Dry summers come and go

“We aren’t the first scientists to confirm this trend,” says Dr. Tobias Scharnweber, one of the authors of the article. “However, what is new in our reconstruction is that we were able to calculate these growth rates using our own data method that we had developed especially for this project. This enabled us to show that average summer rainfall amounts were much lower at the time of the Mediaeval Climate Optimum, i.e. approximately 1000 years ago, than previously presumed. Maybe ‘one-in-a-century’ summers, like the one we had in 2018, were not that rare back then.” click here

Tobias Scharnweber, Karl-Uwe Heußner, Marko Smiljanic, Ingo Heinrich, Marieke van der Maaten-Theunissen, Ernst van der Maaten, Thomas Struwe, Allan Buras & Martin Wilmking . Removing the no-analogue bias in modern accelerated tree growth leads to stronger medieval drought. Scientific Reports, volume 9, Article number: 2509 (2019).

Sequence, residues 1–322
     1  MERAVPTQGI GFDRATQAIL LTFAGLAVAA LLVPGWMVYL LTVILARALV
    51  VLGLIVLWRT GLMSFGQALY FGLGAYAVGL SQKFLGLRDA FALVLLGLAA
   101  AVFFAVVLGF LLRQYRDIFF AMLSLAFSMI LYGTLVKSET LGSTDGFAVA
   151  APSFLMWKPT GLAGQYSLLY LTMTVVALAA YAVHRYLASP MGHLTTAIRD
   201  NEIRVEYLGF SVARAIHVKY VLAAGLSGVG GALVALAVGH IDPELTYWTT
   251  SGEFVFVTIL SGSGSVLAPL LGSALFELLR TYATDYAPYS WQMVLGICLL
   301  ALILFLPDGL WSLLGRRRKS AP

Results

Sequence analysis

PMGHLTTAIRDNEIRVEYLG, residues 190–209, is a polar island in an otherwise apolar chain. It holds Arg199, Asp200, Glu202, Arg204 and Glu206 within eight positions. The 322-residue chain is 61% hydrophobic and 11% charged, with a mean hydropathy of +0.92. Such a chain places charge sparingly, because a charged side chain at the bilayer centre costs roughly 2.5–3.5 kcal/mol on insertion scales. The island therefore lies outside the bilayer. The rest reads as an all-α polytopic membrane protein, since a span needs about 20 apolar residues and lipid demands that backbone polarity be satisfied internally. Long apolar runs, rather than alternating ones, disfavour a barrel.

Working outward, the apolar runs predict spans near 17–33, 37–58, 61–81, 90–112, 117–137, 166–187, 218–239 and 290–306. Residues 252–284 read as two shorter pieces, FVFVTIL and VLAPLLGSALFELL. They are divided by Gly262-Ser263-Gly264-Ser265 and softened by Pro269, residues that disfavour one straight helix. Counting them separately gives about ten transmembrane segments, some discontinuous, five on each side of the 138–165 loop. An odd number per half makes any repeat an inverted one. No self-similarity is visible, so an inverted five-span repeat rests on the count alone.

In many parts of the world, especially in the temperate regions of Europe and North-America, accelerated tree growth rates have been observed over the last decades. This widespread phenomenon is presumably caused by a combination of factors like atmospheric fertilization or changes in forest structure and/or management. If not properly acknowledged in the calibration of tree-ring based climate reconstructions, considerable bias concerning amplitudes and trends of reconstructed climatic parameters might emerge or low frequency information is lost. Here we present a simple but effective, data-driven approach to remove the recent non-climatic growth increase in tree-ring data. Accounting for the no-analogue calibration problem, a new hydroclimatic reconstruction for northern-central Europe revealed considerably drier conditions during the medieval climate anomaly (MCA) compared with standard reconstruction methods and other existing reconstructions. This demonstrates the necessity to account for fertilization effects in modern tree-ring data from affected regions before calibrating reconstruction models, to avoid biased results.

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